It is important to always be questioning our point of view.
Remaining open to change has been a big theme in my life lately, and this had led to a series of key realizations.
Much of my thought energy over the past few years has gone toward the renunciation of my ego—the dissolution of all forms of conceptualized identity. Eckhart Tolle speaks a great deal about this, as well as many other spiritual teachers.
The ego is the inner sense of self that arises when we identify with our own thoughts. It is the sense of “me-ness,” the feeling of being a separate and distinct person with definite features and an immovable nature.
When we identify with our thoughts and behaviors, we create a hardened and densely rigid feeling of “I,” a sense of “myself” as an isolated observer detached from everything that is “other” than ourselves.
This is problematic for several reasons:
For one, it is incredibly divisive, which lends the feeling that other people are truly “other” and are inherently separate from us. This makes us wary of others off the jump, and thereby less capable of connecting with or understanding our fellow human beings.
It also brings about a deep neurosis within our psyche. If there is only “I,” then the only thing that truly matters is fulfilling the desires of our “I.” This means always trying to get ahead in some way. If this is our main concern in life, we will be constantly comparing ourselves to others. Always anxious about what other people think of us.
Lastly, the ego may very well be the origin of all psychological suffering (no big deal), in that it’s very nature is that of deep-seated resistance to what is. In my experience, the more we resist life, the more we suffer inwardly. The ego is a mechanism of resistance, for in identifying with our thoughts, we remove ourselves from the present moment.
Through my bouts with a severe chronic illness over the past few years, this understanding has been essential. Having the knowledge that there is something within me that is much deeper and more powerful than my particular identity (how I think about myself), and going about tapping into this deeper energy field has made me much more capable of enduring the emotional and physical suffering that has come with my condition.
The problem with all of this is that if we attempt to get rid of the ego, we have to contend with what, exactly, is attempting to get rid of said ego.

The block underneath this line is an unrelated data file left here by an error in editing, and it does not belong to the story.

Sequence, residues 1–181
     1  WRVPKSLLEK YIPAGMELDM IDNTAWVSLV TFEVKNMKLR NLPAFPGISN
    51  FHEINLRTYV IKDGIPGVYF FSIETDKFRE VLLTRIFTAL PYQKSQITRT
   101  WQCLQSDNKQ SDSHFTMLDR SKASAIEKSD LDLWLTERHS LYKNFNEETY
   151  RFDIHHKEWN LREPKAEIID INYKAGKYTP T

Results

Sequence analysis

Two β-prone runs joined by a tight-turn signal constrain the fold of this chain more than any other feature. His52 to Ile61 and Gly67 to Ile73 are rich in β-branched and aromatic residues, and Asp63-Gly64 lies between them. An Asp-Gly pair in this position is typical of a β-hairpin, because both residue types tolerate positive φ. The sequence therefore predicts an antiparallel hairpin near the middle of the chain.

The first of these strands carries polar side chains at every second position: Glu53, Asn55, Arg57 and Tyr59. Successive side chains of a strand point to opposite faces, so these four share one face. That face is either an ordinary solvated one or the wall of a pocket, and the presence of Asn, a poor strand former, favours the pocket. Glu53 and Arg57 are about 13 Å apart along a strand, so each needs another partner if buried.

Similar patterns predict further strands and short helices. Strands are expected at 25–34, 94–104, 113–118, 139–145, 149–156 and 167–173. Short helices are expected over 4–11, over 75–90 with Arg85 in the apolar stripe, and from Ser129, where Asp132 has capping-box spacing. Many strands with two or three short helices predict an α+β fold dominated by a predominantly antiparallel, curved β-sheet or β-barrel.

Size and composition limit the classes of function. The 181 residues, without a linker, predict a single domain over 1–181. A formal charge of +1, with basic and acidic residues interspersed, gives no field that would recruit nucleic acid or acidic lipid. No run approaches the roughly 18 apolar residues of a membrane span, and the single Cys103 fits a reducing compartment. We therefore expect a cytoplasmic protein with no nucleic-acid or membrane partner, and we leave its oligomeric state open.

This is an inherent contradiction, for if we are attempting to rid ourselves of the ego as a way of avoiding pain or attaining pleasure, we are merely acting out of even more ego.
It doesn’t seem reasonable to say that the answer to human suffering is to get rid of the ego or even to reject all forms of identity. This is not healthy or sustainable; it would deny our very nature as thinking, independent beings.
The concept of identity has been becoming more and more valuable to me. It’s necessary to have a codified sense of “I,” and an awareness of our identity (what we are like and how we relate to people) so we can use that as a vehicle to move through the world in ways that resonate with our most heartfelt desires.
It is important to note the wording here. I am saying that we are using an identity as a kind of existential tool, rather than completely embodying that identity, which implies that we are not made up of just our ego. We have an ego, but we are not purely ego. There is an awareness that underlies all forms of conceptualized identity, and the more aligned we are with this awareness, the more malleable and adaptable our identity can be to the movement of life.
It is empowering to have a worldly identity, but if this identity does not have its foundation in our awareness—if it’s not grounded in the present moment—it becomes disorderly.
As with many things, it ultimately comes down to balance.
We must balance this sense of “I” with the capacity to step back from it all and simply be present. We are at once a calcified individual with a particular history and unique personality, while at the same moment completely immersed in the totality of the universe. We are both subject and object. Self and other. “I” and “that.”
It is through walking this fine line, meeting this quintessential balance of seeming opposites, that we uncover what it really means to be human and feel the fullness of life.
For a long time, I have tried to be “nobody,” but I have come to learn that there is no such thing. There is somebody, and there is everybody. That is all.
Don’t try to escape the ego. Simply observe it and keep it out of trouble.
Author: Samuel Kronen
Image: Sydney Jackson /Unsplash
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